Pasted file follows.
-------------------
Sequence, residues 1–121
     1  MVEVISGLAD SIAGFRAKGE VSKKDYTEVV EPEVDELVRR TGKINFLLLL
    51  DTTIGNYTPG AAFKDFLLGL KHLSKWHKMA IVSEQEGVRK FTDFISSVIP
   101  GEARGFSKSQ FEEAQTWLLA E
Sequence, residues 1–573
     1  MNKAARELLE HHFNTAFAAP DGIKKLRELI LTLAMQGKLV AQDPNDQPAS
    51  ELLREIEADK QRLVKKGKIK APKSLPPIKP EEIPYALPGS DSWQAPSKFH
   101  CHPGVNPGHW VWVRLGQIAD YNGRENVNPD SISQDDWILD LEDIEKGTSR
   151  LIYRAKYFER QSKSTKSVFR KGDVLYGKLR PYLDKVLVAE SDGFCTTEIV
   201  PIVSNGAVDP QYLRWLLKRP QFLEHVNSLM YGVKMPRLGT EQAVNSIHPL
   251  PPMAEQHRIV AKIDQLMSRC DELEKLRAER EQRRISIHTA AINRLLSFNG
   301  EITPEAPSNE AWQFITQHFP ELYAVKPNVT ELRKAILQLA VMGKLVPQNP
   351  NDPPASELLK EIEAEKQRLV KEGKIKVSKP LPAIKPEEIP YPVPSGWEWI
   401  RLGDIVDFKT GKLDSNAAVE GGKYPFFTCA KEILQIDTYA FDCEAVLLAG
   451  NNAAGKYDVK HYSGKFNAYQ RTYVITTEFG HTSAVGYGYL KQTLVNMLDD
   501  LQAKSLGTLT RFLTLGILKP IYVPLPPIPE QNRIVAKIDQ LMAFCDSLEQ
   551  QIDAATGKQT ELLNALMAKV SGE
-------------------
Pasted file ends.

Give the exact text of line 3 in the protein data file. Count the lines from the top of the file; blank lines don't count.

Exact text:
    51  DTTIGNYTPG AAFKDFLLGL KHLSKWHKMA IVSEQEGVRK FTDFISSVIP